Click image to see an enlarged view

    Fig. Fig. 12 Clean the carburetor mounting surface

    To install:

    1. Clean the carburetor mounting surface.
    2.  
    3. Install the carburetor onto the intake manifold and tighten the mounting bolts.
    4.  
    5. On the C-W, connect the vent hose, spacer and gasket.
    6.  
    7. Engage the accelerator cable to the throttle lever and the harness connector to the carburetor.
    8.  
    9. On the Hitachi carburetor:
    10.  
      1. Connect the duty solenoid valve connector on those models so equipped.
      2.  
      3. Connect vacuum hoses for solenoid valves, the main diaphragm, and, on high altitude carburetors, the secondary main air bleed.
      4.  
      5. Connect the ignition retard, if applicable.
      6.  

    11. Connect the EGR tube.
    12.  
    13. Connect the vacuum hoses to the distributor.
    14.  
    15. Connect the carburetor vent hose for the ECC system.
    16.  
    17. Connect the fuel lines to the carburetor and install the air cleaner.
    18.  
    19. Make any necessary adjustments to the carburetor, check fuel lines for leaks and refill the radiator with coolant.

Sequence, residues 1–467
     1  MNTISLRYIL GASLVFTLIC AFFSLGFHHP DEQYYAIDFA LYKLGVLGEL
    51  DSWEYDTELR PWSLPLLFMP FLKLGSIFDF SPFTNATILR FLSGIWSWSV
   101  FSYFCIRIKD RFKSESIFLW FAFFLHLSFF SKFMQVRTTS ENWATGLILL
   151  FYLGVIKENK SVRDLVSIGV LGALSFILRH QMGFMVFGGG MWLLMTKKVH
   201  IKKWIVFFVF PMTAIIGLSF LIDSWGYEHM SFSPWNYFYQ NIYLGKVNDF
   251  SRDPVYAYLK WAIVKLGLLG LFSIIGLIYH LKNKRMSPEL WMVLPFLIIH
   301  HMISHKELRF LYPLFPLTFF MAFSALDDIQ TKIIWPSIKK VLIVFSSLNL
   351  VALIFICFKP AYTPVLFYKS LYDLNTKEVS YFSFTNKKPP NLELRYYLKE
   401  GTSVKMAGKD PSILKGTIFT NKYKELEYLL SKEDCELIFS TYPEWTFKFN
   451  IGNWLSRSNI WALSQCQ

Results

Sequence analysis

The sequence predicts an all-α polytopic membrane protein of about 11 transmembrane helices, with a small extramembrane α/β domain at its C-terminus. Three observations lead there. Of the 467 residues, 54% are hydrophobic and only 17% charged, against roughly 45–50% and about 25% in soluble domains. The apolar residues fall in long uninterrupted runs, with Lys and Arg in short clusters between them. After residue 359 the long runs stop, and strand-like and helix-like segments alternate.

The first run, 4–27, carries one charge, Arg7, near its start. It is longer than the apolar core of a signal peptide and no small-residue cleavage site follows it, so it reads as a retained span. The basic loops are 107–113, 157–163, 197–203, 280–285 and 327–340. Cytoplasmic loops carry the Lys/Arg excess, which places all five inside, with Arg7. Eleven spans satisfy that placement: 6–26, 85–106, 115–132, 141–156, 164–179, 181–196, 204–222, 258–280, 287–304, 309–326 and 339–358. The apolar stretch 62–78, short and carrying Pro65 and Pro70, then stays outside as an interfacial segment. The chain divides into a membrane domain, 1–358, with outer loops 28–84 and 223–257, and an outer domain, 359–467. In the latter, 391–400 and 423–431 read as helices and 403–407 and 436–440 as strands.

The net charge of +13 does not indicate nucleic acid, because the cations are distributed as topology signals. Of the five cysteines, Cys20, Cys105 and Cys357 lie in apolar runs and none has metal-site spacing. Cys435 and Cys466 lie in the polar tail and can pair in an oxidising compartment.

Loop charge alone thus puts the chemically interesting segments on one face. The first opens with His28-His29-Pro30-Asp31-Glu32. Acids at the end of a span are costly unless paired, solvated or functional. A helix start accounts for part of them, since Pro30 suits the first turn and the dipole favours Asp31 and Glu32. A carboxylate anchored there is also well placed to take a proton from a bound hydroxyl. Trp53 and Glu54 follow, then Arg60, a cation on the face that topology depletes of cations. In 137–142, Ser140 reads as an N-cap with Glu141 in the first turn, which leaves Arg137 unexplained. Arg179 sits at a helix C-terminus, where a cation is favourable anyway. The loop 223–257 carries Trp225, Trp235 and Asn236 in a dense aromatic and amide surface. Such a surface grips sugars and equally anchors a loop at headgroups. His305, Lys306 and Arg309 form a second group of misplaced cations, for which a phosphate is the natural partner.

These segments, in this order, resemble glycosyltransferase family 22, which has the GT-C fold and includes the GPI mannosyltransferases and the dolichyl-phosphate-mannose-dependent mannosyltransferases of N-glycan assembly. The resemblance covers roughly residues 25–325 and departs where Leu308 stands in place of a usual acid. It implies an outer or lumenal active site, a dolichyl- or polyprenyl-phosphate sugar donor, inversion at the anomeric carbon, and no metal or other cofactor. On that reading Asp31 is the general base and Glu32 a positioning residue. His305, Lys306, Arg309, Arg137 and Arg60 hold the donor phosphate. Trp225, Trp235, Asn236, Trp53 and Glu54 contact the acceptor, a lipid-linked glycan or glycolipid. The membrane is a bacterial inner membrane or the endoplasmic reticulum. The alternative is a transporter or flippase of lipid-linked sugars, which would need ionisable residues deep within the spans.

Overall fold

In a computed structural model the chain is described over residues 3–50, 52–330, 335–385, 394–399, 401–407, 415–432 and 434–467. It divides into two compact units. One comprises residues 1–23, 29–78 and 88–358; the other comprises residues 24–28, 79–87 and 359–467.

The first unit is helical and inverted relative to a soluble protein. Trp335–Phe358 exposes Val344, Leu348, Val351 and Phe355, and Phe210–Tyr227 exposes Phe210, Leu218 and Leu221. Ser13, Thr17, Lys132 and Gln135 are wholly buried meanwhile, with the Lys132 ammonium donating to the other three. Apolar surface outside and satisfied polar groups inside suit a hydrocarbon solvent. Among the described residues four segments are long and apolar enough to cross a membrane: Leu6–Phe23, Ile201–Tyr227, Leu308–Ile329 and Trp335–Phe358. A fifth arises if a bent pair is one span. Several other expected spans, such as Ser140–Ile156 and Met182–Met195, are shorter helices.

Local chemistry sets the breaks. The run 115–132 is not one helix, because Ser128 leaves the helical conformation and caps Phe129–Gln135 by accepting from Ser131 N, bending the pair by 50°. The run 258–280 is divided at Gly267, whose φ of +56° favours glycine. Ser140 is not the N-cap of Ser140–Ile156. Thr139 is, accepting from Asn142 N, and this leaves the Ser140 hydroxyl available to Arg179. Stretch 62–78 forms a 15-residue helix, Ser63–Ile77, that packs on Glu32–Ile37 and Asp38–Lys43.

20.  

    OVERHAUL NOTES



    Generally, when a carburetor requires major service, a rebuilt one is purchased on an exchange basis, or a kit may be bought for overhauling the carburetor

    The kit contains the necessary parts which varies on the kit type and some form of instructions for carburetor rebuilding. The instructions may vary from a simple exploded view to detailed step-by-step rebuilding instructions. Unless you are familiar with carburetor overhaul, the latter should be used.

    There are some general overhaul procedures which should always be observed:

    Efficient carburetion depends greatly on careful cleaning and inspection during overhaul since dirt, gum, water, or varnish in or on the carburetor parts are often responsible for poor performance.